Another Look at the “Humane” Alternative
Thousands of squirrels call our city home. Sometimes we don’t think about our wild neighbours until there is a problem: a squabble over who gets the garden vegetables, or an uninvited tenant taking up residence in the roof. While squirrels are only trying to meet their basic food and shelter needs, these conflicts can be extremely frustrating for homeowners.
So why not trap the squirrels and move them somewhere else?
Contrary to popular belief, live-trapping a squirrel and relocating it is not a good way to solve any problem you might be having with the animal. While trapping may seem like a humane option, it often ends in a death sentence for the squirrel and leaves your property vulnerable to ongoing wildlife conflicts. Here’s why:
1. There’s no place like home
Many people think that a squirrel can survive anywhere. It may even appear that moving a squirrel from an urban backyard to a ravine, park, or forest will help it, since these spaces seem more “natural.” But the truth is, squirrels have specific home ranges where they are adapted to living.
An urban squirrel’s home range may be as small as one city block, and within that range they learn where to find food, water, shelter, and how to stay safe. A squirrel that’s spent its whole life living in an attic nest and foraging at birdfeeders isn’t going to stand a chance suddenly transported to a conservation area. Not to mention that there are probably already squirrels living in the new territory who won’t be too happy about having a new neighbor.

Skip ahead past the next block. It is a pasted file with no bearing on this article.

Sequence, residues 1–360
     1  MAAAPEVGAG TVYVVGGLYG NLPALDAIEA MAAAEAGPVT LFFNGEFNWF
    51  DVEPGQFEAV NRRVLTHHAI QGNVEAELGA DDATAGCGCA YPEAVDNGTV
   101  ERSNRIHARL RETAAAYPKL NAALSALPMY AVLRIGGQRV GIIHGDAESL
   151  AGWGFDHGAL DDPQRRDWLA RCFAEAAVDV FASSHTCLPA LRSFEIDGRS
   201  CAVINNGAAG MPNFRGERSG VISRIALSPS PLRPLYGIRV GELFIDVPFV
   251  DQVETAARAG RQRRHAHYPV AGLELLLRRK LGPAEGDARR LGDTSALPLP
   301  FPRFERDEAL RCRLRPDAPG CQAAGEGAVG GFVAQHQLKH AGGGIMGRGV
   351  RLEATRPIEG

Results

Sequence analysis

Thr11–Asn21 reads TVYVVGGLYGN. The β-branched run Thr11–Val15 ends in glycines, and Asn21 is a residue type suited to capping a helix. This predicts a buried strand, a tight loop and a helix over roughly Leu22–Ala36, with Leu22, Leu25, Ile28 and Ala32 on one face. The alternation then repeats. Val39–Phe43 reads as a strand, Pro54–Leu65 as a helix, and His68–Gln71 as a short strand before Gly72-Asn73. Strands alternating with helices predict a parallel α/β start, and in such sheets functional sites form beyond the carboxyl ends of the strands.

Trapping a squirrel and moving it to a new, unfamiliar location—even one that looks nice to us—is stressful and bewildering for the animal. Relocated squirrels almost never survive long in their new environment.
2. Babies get left behind
Most squirrel conflicts happen in the spring and late summer, when mother squirrels are looking for shelter and extra food to raise their babies. These babies are often quietly awaiting their mother’s return in attic or balcony nests. When a mother squirrel is trapped and moved, dependent babies are often left behind. Without their mother, they will die.
Toronto Wildlife Centre receives hundreds of calls a year about baby squirrels who have been “orphaned” because of someone trapping and relocating a nuisance squirrels. Sadly, we don’t have the resources to take care of all of them, and many are turned away.
Trapping and relocating a mother squirrel with her babies also doesn’t work. Because of the stress and terror caused by relocation, faced with an unfamiliar territory and no prospects of food or shelter, a mother squirrel will almost always abandon her babies at the new site.
3. Short-term fixes don’t work
There are no empty spaces in nature. If you get rid of one squirrel, it won’t be long until another animal finds that cozy den in your roof or delicious meal in your garden. More likely, you will do a lot of unnecessary work or pay a lot of money to an animal removal company with no long term results.
In fact, removing squirrels can sometimes even backfire and make the situation worse. Research has shown that squirrels will have larger litters in areas where there has been a lot of trapping in previous years since there is still plenty of food and shelter. New babies simply fill the gap left by the squirrels that have been trapped and relocated.
Conflicts with squirrels are best dealt with individually: what is the squirrel doing that’s bothering you, why is it doing it, and how do we get it to stop?